Breast cancer susceptibility alleles and ovarian cancer risk in 2 study populations
Gates, Margaret A.
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CitationGates, Margaret A., Shelley S. Tworoger, Kathryn L. Terry, Immaculata De Vivo, David J. Hunter, Susan E. Hankinson, and Daniel W. Cramer. 2009. “Breast Cancer Susceptibility Alleles and Ovarian Cancer Risk in 2 Study Populations.” Int. J. Cancer 124 (3) (February 1): 729–733. doi:10.1002/ijc.23924.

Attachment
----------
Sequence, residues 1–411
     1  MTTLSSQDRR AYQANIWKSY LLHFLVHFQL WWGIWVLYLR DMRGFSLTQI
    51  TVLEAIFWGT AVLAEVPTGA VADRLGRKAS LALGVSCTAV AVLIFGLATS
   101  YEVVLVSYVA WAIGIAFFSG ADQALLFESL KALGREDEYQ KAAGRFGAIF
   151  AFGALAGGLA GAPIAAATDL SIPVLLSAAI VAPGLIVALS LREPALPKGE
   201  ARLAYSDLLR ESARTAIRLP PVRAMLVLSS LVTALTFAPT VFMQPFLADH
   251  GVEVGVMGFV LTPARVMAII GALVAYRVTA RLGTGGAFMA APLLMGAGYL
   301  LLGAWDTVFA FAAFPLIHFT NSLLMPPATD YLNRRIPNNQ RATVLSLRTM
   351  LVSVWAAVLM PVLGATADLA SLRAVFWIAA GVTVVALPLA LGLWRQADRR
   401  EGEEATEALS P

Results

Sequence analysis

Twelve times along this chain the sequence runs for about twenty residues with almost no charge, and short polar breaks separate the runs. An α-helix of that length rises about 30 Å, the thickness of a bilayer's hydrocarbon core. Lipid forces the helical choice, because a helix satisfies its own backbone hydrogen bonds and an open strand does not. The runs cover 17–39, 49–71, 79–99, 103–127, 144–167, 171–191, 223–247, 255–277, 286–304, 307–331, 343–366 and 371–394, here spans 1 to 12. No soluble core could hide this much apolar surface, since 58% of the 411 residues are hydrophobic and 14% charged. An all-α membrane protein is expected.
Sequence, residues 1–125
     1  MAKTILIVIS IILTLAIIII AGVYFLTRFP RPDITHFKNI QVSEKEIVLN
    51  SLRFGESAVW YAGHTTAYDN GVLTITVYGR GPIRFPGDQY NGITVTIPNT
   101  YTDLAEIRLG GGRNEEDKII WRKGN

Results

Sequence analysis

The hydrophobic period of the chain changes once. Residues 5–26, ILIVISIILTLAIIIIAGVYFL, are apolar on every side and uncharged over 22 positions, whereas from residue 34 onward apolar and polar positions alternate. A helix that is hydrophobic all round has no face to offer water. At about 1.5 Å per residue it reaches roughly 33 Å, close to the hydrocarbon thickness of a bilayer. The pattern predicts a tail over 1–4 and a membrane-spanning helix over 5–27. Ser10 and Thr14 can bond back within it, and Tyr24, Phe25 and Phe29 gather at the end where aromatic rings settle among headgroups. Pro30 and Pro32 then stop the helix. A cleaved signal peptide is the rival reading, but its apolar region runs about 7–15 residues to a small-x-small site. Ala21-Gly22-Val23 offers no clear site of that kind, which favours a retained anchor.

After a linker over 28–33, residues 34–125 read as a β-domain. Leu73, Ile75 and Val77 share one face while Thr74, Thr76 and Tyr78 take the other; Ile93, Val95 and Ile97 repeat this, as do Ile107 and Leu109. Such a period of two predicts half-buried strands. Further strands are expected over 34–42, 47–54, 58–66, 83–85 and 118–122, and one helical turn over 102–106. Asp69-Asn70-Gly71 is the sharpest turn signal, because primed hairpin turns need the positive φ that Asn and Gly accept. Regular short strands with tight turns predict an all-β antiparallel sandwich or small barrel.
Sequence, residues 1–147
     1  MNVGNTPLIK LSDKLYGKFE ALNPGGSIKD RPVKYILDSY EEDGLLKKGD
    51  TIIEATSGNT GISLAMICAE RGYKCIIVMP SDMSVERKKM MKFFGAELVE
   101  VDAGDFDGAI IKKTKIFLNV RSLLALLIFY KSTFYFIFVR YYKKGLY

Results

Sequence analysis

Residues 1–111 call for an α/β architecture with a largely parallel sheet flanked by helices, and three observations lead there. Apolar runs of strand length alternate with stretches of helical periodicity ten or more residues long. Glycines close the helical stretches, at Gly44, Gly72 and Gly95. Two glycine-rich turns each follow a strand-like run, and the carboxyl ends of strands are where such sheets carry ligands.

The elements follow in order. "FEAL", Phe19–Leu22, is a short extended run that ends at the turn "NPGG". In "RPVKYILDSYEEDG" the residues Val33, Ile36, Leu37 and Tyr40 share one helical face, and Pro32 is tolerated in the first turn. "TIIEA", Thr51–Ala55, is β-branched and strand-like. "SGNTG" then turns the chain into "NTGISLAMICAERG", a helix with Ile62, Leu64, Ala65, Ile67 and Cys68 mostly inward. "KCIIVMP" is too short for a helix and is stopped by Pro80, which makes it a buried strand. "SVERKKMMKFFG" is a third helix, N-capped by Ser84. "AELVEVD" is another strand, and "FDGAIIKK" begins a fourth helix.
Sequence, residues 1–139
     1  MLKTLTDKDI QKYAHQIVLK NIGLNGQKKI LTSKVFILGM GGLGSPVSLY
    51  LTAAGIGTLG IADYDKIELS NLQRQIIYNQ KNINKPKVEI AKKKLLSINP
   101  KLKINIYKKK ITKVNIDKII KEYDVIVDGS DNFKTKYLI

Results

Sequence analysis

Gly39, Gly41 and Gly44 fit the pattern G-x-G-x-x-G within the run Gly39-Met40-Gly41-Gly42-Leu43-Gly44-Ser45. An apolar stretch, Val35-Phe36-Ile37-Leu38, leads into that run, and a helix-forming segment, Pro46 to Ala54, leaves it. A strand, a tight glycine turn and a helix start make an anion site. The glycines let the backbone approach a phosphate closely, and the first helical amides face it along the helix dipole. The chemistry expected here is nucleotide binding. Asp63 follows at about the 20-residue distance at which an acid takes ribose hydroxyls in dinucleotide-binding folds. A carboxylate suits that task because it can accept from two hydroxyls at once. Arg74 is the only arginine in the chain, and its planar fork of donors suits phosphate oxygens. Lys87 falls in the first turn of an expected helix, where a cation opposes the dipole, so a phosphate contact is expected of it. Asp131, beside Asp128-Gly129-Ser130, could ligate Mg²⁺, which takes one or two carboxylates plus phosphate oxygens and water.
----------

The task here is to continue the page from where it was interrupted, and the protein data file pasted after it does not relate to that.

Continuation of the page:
AbstractRecent genome-wide scans identified several novel breast cancer risk alleles, including variants of the FGFR2, MAP3K1, and LSP1 genes, and a study of associations between these alleles and characteristics of breast cancer patients reported a borderline significant correlation between the number of FGFR2 minor alleles and family history of breast/ovarian cancer. Given these results and similarities in the etiology of breast and ovarian cancer, we examined the association between seven novel breast cancer susceptibility alleles and epithelial ovarian cancer risk in two large study populations. Our analysis included 1,173 cases and 1,201 controls from a New England-based case-control study and 210 cases and 603 controls from the prospective Nurses’ Health Study. We used logistic regression to estimate the odds ratio (OR) for individuals heterozygous or homozygous for the minor allele at each locus, compared to individuals with the wild-type genotype. We examined the associations separately in each population and, after testing for heterogeneity in the results, pooled the estimates using a random effects model. There was no clear association between these polymorphisms and ovarian cancer risk in either population. The pooled, per allele OR for FGFR2 was 1.06 (95% confidence interval [CI]=0.95–1.18) for rs1219648 and 1.04 (95%CI=0.93–1.15) for rs2981582. We had over 80% power to detect a log-additive OR of 1.16–1.18 per allele at the alpha=0.05 level in the pooled analysis. Our results do not provide strong support for an association between these breast cancer susceptibility alleles and epithelial ovarian cancer risk.
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